The man who has called himself Gov. Robert L. Ehrlich Jr.'s "political hit man" said he would sit down yesterday for an interview with the lawyer heading up the legislative probe into the governor's hiring and firing practices.
The former aide to Ehrlich, Joseph Steffen, told Baltimore radio listeners yesterday that he had volunteered to meet with attorney Ward Coe to share his insider account of how the Republican governor set about to remake the state workforce after taking office in 2003.
Democratic lawmakers said the interview had the potential to set the course of the investigation, which is in its earliest stages, given the public statements Steffen has made in recent days.
"This guy has confirmed what [the Ehrlich administration has] been denying from the beginning -- that he was instructed to fire low-level workers so they could fill slots with their Republican buddies," said Sen. Brian E. Frosh (D-Montgomery).
At the same time, Steffen has refuted one major contention made by several employees who lost their job: that they were targeted because of their political views. Steffen reiterated yesterday that he never factored political leanings into his recommendations. "There were at least two high-level Democrats that I defended," Steffen said on WBAL Radio.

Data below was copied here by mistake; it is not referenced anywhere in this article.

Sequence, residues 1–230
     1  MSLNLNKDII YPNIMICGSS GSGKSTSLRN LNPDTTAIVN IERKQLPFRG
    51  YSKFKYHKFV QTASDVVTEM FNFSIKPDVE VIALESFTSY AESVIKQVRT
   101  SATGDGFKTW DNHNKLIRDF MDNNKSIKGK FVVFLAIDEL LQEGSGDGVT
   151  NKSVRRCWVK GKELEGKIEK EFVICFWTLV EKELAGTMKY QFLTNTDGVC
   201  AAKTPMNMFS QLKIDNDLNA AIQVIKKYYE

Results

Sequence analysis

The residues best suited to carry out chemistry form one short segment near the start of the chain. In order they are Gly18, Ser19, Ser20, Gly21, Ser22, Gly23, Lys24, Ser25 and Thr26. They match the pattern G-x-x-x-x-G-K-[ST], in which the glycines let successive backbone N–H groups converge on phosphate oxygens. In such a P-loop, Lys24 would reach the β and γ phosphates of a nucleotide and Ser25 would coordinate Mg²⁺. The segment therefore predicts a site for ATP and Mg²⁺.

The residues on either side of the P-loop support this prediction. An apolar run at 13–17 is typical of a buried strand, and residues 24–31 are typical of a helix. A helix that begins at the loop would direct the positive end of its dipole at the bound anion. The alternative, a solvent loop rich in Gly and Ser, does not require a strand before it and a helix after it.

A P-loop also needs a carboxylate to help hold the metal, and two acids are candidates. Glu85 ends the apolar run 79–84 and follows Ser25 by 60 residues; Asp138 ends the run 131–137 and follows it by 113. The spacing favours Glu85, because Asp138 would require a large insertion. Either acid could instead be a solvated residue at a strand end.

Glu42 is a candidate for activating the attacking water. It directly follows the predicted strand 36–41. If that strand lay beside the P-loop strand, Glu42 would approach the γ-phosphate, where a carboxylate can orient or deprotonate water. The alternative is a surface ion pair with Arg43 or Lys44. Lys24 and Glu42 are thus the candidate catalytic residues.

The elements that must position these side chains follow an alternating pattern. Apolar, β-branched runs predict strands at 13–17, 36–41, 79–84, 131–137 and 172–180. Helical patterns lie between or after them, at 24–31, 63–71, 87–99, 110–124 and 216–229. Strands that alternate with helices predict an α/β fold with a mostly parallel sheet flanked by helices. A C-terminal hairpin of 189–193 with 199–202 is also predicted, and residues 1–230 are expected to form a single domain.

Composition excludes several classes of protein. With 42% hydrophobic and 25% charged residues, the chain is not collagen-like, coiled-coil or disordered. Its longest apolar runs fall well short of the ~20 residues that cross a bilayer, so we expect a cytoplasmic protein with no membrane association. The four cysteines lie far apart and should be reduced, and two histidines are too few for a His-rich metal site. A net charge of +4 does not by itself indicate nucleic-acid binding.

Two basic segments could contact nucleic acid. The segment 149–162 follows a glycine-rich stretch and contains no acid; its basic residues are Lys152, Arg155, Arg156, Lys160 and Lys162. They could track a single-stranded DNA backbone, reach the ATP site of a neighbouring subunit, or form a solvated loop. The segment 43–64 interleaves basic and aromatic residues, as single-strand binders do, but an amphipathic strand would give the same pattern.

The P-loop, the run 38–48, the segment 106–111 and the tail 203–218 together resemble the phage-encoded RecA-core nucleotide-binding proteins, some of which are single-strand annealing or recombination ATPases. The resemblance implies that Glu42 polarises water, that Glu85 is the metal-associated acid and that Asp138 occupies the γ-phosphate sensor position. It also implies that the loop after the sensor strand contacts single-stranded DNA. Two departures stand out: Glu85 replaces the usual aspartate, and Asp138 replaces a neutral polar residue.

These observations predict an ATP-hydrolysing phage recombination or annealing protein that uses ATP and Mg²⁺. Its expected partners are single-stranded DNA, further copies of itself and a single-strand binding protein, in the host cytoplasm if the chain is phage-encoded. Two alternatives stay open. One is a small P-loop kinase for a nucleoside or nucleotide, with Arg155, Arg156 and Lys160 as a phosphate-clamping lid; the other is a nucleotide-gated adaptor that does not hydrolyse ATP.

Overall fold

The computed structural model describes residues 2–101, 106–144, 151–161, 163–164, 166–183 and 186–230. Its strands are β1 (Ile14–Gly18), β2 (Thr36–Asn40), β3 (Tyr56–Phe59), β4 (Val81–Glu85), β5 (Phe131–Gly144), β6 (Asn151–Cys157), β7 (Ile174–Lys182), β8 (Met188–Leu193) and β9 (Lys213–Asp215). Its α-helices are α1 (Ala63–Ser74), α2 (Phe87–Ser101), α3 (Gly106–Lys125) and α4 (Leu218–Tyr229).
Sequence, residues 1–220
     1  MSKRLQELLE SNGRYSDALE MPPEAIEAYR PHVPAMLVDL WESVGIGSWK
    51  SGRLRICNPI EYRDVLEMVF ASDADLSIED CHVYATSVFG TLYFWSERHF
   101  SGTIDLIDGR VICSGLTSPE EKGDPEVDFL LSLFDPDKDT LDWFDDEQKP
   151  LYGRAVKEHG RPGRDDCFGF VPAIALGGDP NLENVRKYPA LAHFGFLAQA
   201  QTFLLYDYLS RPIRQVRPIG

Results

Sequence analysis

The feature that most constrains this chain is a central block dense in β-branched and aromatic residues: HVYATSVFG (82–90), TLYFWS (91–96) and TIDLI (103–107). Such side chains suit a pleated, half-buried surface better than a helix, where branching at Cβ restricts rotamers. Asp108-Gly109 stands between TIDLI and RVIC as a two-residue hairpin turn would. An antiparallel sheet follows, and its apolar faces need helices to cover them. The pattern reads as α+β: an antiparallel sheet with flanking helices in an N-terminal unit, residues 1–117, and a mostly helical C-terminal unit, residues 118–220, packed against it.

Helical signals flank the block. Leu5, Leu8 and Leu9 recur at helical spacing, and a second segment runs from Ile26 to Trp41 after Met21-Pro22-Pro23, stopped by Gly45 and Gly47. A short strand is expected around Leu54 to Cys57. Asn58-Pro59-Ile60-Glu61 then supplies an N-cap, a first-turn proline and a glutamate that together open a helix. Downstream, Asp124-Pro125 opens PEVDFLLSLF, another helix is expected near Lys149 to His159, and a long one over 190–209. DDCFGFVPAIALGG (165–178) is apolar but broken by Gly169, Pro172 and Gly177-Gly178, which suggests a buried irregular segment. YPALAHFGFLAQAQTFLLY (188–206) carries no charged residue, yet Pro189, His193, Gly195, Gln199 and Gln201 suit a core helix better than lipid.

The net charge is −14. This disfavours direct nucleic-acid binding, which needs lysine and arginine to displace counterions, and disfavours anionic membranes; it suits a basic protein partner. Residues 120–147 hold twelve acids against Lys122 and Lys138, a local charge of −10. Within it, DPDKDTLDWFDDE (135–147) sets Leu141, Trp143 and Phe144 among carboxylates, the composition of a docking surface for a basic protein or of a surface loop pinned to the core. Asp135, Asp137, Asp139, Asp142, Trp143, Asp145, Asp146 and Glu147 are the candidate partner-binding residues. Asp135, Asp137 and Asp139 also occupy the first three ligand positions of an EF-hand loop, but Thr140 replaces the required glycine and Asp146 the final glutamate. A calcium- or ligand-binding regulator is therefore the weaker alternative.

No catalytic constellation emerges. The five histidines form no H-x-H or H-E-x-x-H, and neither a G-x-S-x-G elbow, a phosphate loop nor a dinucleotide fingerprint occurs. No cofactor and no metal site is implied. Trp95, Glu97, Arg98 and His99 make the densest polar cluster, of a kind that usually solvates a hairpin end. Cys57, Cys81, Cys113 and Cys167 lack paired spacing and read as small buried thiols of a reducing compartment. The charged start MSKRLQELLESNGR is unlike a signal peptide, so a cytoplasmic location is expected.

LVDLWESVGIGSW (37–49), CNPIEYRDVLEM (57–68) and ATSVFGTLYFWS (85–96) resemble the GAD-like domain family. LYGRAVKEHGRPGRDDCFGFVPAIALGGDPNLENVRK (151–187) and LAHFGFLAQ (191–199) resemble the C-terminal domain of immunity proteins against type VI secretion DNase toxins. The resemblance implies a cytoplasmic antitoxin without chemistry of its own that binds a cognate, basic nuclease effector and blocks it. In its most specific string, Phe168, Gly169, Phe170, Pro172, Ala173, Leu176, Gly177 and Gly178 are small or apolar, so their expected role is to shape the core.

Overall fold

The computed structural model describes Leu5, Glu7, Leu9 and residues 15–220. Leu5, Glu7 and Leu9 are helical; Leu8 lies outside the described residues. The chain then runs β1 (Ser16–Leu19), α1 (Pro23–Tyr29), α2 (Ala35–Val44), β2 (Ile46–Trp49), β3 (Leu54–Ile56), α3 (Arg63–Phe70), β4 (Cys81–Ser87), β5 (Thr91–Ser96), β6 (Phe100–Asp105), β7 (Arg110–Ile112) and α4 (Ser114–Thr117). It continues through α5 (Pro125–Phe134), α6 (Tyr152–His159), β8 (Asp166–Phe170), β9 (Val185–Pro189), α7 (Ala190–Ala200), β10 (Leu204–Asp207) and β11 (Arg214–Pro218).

Ehrlich seized on that aspect during a recent interview, saying it offered proof that his administration did nothing wrong. "Nobody cared about party," Ehrlich said. "I've said that repeatedly."
Steffen was fired in February after The Washington Post disclosed his role in spreading rumors about Baltimore Mayor Martin O'Malley, one of the governor's Democratic rivals. Steffen has declined recent requests for interviews by The Post but has sat down with several Baltimore reporters in the past week.
He said he would meet on his "own volition" with Coe, counsel for the legislative committee. Coe declined to discuss details of the probe or confirm the 2:30 p.m. meeting.
The man who described himself as the "Prince of Darkness" could help investigators in a number of areas, Frosh said. Among them: identifying other state workers who were assigned, as Steffen says he was, to draw up lists of workers to be dismissed.
Ehrlich's communications director, Paul E. Schurick, at one point described Steffen as "irrelevant to our world," a contention Steffen disputed. "When Paul Schurick and others were using terms like 'irrelevant' and 'bit player' in terms of what I was doing for the state, that was absolutely inaccurate," Steffen said.
Schurick, who was on the radio program when Steffen called in, did not respond to that assertion. Schurick did not return messages left at his office and on his cell phone.
Steffen also reiterated that he was serious about his interest in running for governor as a Libertarian against his former boss. He said he regrets using "Segretti-like" dirty tricks against Ehrlich's political opponent, a reference to former Nixon aide Donald Segretti, whose coordination of such operations helped lead to the Watergate scandal.
When asked why he did it, Steffen said, "If you're working in politics, you win by not only building up your own guy but by doing some damage to the other guy."